Burial or cremation?

Read our guide on your funeral options.

Over 50s Life Insurance
  • Advantages and disadvantages of burial
  • Advantages and disadvantages of cremation
  • Direct burial and direct cremation
  • More options
  • Ways of paying for a funeral

Choosing your desired funeral – or that of a loved one if they haven’t told you what they want – can be an emotive topic. And with more diversity in what’s available than ever before, picking the right option can be tough.

In the UK, the two main choices remain burial and cremation, and other funeral ideas will be a variation of one of these (except medical donation).

So let’s take a look at the various merits of each.

Why choose a burial funeral?


Burial funerals are often very traditional (though not always – read on) and might involve a service. Committing a loved one to the ground is watched by the mourners and has a solemn finality. We see them being laid to rest, whereas cremation happens away from view.

Since burial funerals are often more traditional, they might take place in more traditional venues. Whether this is a church or at a designated plot, these types of service can have a formal and mournful atmosphere. If this type of service is important for your grieving process, then you might choose a burial funeral.

It might be a tenet of your religious beliefs that a burial takes place. If so, there isn’t much debate, however you can still do thorough research to find out where to conduct the burial that is most cost-effective and what your loved one would have wanted.


Burial funerals are normally significantly more expensive than cremation funerals. This is due to the shrinking availability of space for burials. Places that are popular for burial funerals are more expensive, and burials in Kensal Green in London reached £11,857 in 2018*

There is also a green argument to be made against burial funerals. Chemicals used both in embalming of the body and in the bonding of the wood can escape through the earth into the watercourse and be dangerous for flora and fauna.

Green burial options are available, but whether they will tempt you or not depends on what you want from a funeral, as they tend to be less traditional (though no less sensitive). Bio-degradable coffins are a good option for those who want a traditional burial but to be kind to the environment.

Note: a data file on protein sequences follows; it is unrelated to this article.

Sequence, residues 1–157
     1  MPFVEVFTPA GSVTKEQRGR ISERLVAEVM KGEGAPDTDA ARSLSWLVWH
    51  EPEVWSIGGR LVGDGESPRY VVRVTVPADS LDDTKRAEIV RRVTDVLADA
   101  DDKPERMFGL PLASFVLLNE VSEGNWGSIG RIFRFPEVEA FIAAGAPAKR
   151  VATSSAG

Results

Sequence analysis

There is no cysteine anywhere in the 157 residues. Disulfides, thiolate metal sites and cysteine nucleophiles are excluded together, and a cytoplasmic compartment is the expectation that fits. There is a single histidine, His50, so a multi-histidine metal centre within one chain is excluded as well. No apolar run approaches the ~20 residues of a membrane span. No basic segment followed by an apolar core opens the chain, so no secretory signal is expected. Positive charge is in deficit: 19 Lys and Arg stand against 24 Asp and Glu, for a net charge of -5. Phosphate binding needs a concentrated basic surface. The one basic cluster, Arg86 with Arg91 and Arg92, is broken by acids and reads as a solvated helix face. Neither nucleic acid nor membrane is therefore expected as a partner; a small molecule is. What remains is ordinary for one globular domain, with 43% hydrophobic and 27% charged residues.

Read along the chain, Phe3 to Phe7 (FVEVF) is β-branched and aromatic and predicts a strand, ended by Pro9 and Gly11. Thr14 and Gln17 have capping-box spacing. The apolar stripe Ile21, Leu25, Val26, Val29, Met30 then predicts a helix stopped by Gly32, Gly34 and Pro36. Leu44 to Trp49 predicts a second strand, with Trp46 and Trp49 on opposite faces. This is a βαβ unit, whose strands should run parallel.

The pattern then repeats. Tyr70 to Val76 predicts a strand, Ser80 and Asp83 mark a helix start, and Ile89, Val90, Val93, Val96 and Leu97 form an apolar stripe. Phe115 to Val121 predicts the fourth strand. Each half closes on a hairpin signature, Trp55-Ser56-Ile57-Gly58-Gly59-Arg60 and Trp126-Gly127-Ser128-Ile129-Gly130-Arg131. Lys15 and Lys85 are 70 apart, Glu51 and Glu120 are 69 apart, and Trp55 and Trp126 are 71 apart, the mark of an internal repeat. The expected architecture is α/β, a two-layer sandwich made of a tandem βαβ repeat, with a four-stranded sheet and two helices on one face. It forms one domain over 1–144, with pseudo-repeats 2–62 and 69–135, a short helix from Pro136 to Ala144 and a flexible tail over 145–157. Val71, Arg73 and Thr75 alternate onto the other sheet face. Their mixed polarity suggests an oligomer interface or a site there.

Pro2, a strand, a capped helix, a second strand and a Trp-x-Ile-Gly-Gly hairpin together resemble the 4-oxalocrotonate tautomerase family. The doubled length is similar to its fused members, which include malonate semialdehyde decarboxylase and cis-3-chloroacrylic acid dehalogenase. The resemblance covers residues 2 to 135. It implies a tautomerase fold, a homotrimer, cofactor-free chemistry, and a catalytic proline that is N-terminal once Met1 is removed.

Why choose a cremation funeral?


A leading advantage of cremation over burial is its cost. It is cheaper to be cremated than buried in most UK locations.

Cremation funerals can also be traditional services, but they need to be performed at crematorium. If you want the service to be at a church, then you’d probably need to have the cremation elsewhere. It is possible to have a church minister perform a service at the crematorium.

Cremation services can be very diverse. A humanist funeral can have the same level of solemnity that a religious service has. In many ways, you are in greater control of how a cremation service takes place than when having a traditional burial funeral.

Like burial funerals, you can also create a memorial within a crematorium which you can visit if you wish. Some offer the option of planting a flower too.

And of course, the options for what you can do with your loved one’s ashes are vast. We’ve got a guide to a few ideas here, but your only limit is your imagination.

You are also able to hold a service in a manner, time and place to suit you and other mourners, particularly with direct cremation (which is expanded on below).


Cremation funerals are also environmentally damaging. The burning of the body requires the use of natural gas, which contributes to climate change, there is also the risk of environmental pollution from mercury (from the burning of a person’s fillings).

And the same chemicals that a burial funeral can release into a watercourse can be sent into the atmosphere instead if cremation is chosen. Coffins can be made from a broad range of materials now, and there are a few available that are less harmful.